Love the ones you’re with.

From Dietrich Bonhoeffer’s “Life Together”:

“Every human idealized image that is brought into the Christian Community is a hindrance to genuine community and must be broken up so that genuine community can survive. Those who love their dream of a Christian community more than the Christian community itself become destroyers of that Christian community even though their personal intentions may be ever so honest, earnest, and sacrificial. God hates this wishful dreaming because it makes the dreamer proud and pretentious. Those who dream of this idealized community demand that it be fulfilled by God, by others, and by themselves…”

I come upon this quotation from Bonhoeffer as I prepare to spend  weekend talking about community and neighborliness to a small group of college students. I come at this as a pastor serving my third small, aging mainline (Presbyterian, in my case) congregation. I come at this as an outside observer to conversations being held by those who feel they can no longer stay within our brand of Presbyterianism.

How much of our being disgruntled in the communities in which we find ourselves – whether they be churches, neighborhoods, small groups, nations, or families –  has to do with our unwillingness to overcome the disillusionment that will inevitably come when our idealized vision of that community is not realized? In my own life I would say those idealized visions have caused me far greater harm than I want to admit.

No family, church, denomination, neighborhood, or nation will live up to our ideals of what they should be. To force our ideals upon another is a cruel form of violence. How different could your world be if you more fully endeavored to love the communities that God/fate/chance has given you in reality instead of those for which you dream.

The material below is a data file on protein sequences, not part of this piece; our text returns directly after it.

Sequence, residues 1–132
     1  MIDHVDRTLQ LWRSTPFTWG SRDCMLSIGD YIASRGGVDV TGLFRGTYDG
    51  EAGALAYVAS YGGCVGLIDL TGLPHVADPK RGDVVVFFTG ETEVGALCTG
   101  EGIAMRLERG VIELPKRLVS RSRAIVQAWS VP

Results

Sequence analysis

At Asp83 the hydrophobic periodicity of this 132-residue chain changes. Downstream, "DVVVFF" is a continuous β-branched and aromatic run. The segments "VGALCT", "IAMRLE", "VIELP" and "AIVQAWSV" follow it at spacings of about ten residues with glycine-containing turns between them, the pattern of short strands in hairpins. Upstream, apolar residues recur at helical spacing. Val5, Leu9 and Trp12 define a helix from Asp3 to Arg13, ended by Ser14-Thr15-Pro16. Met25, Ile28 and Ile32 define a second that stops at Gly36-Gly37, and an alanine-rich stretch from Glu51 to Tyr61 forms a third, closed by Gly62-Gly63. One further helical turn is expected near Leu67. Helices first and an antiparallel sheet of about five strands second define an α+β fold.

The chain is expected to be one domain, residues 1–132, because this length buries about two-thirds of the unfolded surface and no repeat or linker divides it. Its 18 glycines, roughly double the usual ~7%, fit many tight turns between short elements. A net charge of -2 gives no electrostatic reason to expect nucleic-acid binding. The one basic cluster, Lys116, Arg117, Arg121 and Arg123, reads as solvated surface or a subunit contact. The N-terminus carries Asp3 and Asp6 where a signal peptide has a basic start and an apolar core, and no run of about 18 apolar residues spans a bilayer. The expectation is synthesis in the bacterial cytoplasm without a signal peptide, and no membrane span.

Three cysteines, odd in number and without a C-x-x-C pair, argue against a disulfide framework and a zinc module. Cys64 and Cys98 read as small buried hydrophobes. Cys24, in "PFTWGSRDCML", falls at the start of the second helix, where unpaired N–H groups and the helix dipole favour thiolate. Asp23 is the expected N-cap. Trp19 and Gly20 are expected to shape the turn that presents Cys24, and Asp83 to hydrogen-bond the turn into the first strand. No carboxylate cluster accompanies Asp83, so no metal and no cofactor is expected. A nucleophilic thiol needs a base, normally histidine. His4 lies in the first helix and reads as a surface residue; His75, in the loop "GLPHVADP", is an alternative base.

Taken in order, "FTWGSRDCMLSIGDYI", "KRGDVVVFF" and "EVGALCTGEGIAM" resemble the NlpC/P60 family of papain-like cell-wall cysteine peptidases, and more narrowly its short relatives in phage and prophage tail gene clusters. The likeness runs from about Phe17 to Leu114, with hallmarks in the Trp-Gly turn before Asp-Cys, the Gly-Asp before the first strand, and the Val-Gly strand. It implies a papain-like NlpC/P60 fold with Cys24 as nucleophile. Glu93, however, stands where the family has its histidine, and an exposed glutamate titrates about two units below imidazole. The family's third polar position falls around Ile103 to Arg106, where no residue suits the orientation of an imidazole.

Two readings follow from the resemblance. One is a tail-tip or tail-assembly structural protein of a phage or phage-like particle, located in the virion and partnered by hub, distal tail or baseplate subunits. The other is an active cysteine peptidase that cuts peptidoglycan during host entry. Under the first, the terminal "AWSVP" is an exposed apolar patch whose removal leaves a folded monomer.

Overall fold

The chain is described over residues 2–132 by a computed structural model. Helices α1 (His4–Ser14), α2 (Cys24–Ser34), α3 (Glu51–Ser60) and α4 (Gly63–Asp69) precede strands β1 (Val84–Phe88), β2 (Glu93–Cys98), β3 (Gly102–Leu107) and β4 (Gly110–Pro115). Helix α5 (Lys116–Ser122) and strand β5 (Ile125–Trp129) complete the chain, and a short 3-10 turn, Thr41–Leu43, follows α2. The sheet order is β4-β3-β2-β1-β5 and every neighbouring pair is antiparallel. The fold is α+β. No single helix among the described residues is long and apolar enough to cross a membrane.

I found this on an old sheet of paper in my last church:

I think that I shall never see/a church that’s all it ought to be/a church whose members never stray/beyond the straight and narrow way/ a church that has no empty pews/ whose pastor never gets the blues/ a church whose members always seek/ and none is proud, and all are meek/ where gossips never peddle lies/ or make complaints or criticize/ where all are always sweet and kind/ and all to others’ faults are blind/ such perfect churches there may be/ but none of them are known to me/ but still, we’ll work, and pray and plan/ to make our own the best we can.

You can take out church and substitute just about any community there as long as you are willing to love the ones that God/fate/chance has brought together without forcing them to live up to an unattainable dream.